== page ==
BOSTON--A common herpes virus that infects healthy adults but rarely harms them--cytomegalovirus (CMV)--is now being recognized as a major threat to newborns. More than 40,000 children in the United States are infected with CMV at birth each year, and as many as 8000 of them suffer major consequences, including hearing loss and reduced IQ, says clinical researcher Richard Whitley of the University of Alabama, Birmingham.
Speaking here at the annual meeting of the American Association for the Advancement of Science (publisher of ScienceNOW), Whitley estimated the national economic loss due to CMV at more than $1 billion a year. Whitley says this makes it one of the greatest health risks for U.S. children--comparable to infectious agents such as Haemophilus influenzae that received far more attention in the past.
CMV infection, which often coexists with HIV, attracted the attention of drug companies in the 1990s. When HIV infection rates were climbing, the pharmaceutical R&D investment in this area increased in parallel. But when more effective combination drug therapies began to reduce HIV incidence, CMV infections dropped in parallel; records show a sharp drop off in opportunistic CMV infections of the eye (CMV retinitis) in adults starting in 1997. Since then, Whitley and other speakers said, drug companies have been cutting back on support for anti-CMV drugs because the potential market has declined.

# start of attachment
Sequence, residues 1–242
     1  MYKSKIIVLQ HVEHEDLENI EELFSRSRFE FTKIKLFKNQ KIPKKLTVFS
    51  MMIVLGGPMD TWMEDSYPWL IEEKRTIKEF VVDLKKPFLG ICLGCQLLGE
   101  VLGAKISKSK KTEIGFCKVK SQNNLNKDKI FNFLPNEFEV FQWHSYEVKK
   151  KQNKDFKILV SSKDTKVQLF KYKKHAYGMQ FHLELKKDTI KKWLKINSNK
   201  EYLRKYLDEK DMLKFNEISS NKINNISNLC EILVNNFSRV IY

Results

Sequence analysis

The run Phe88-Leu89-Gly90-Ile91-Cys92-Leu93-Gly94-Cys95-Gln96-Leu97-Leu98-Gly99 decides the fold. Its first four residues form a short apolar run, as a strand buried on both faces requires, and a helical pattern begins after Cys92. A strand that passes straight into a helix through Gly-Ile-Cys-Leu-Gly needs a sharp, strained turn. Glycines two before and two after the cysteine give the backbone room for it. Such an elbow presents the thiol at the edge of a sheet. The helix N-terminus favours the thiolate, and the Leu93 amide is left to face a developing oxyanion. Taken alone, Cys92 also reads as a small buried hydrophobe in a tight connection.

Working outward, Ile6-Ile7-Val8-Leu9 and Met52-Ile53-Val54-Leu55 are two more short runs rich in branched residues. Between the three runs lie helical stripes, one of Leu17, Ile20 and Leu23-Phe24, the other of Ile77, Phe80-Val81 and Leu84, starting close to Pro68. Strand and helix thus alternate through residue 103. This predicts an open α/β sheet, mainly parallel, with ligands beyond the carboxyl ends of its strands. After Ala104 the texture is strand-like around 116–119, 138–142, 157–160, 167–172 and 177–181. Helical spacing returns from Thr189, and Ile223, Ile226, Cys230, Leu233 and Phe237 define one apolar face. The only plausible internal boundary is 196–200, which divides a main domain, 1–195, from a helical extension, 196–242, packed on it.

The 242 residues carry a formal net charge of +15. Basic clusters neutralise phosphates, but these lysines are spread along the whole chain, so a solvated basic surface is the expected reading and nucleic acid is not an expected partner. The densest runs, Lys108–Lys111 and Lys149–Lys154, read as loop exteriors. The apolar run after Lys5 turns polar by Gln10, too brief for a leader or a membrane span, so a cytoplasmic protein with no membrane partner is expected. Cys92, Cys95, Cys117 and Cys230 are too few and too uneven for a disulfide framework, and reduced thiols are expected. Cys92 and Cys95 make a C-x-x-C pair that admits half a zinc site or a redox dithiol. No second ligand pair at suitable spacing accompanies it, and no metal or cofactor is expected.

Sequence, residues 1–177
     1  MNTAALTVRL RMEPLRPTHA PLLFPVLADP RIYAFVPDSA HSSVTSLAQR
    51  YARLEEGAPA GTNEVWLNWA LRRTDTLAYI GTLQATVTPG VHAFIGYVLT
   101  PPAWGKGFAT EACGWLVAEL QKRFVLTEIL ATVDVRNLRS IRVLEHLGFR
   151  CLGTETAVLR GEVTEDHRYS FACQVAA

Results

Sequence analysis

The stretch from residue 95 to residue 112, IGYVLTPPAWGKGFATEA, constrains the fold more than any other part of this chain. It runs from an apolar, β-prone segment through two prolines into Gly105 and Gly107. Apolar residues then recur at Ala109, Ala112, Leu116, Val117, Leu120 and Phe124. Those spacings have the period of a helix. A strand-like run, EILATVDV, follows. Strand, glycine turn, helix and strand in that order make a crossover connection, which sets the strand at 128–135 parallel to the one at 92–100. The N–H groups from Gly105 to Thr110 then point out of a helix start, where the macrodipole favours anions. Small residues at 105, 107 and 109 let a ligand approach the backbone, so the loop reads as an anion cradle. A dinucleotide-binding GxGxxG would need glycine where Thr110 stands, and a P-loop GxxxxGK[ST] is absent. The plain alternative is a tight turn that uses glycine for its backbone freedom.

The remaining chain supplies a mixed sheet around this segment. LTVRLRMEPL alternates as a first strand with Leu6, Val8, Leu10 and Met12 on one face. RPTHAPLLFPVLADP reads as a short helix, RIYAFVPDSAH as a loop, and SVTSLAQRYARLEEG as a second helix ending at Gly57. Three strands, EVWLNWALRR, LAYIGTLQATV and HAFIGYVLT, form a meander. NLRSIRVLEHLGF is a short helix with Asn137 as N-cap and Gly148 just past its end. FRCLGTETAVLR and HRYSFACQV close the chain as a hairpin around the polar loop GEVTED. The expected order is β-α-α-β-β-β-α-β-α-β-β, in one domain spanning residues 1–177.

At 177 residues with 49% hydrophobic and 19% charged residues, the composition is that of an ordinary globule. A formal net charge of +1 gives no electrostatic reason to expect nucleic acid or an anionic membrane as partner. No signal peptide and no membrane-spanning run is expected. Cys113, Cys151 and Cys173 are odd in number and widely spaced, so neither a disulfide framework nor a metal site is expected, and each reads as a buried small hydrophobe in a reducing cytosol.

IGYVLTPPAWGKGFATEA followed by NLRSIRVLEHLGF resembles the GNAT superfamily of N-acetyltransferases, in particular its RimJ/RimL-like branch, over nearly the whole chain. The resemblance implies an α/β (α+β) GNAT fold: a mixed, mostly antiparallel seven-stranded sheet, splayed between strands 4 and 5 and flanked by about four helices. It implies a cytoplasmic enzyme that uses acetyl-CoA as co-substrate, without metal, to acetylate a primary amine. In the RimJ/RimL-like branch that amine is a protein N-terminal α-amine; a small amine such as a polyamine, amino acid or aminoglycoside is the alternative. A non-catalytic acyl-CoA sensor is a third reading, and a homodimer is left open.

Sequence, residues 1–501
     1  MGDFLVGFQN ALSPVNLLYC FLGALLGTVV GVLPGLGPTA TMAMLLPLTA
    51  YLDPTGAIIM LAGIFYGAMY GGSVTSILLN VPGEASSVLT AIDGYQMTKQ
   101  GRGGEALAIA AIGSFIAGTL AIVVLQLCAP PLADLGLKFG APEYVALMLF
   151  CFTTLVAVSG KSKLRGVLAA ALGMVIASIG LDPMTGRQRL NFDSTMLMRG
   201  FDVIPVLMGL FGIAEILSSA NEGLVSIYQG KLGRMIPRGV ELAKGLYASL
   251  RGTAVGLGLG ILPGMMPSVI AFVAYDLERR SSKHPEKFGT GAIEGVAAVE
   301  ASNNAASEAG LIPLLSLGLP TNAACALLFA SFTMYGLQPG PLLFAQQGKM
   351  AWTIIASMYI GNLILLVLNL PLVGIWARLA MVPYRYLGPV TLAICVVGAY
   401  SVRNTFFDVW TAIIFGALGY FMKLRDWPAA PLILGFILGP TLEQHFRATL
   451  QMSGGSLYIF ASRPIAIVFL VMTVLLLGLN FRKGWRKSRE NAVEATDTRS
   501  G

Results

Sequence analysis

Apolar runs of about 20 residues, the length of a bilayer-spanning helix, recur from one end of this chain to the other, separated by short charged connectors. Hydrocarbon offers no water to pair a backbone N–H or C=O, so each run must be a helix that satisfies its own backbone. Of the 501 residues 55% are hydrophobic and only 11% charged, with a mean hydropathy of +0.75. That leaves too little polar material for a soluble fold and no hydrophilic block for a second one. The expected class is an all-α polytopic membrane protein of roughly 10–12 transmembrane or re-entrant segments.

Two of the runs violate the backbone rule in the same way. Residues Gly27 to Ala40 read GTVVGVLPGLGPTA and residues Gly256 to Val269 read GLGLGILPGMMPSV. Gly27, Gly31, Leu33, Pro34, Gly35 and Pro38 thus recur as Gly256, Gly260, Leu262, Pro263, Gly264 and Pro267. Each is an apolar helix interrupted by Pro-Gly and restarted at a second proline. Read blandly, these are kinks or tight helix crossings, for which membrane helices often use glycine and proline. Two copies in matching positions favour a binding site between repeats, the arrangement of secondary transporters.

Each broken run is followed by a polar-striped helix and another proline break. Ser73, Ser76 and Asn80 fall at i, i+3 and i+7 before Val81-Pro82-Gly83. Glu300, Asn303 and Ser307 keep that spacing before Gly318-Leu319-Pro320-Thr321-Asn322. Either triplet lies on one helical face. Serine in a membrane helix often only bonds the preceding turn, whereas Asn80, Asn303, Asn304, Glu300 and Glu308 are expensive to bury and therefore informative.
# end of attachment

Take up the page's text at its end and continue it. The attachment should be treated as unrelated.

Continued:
The drugs now available for treating CMV, Whitley and other researchers at the AAAS meeting noted, are far from ideal. They cause life-threatening side effects and must be injected intravenously (or in the case of CMV retinitis, directly into the eye). Whitley and several other speakers--including Leroy Townsend of the University of Michigan, Ann Arbor, and Karen Biron of SmithKline Beecham--described new compounds they are helping to develop which might eventually be used as oral medicines to combat CMV. None has yet been approved by the Food and Drug Administration.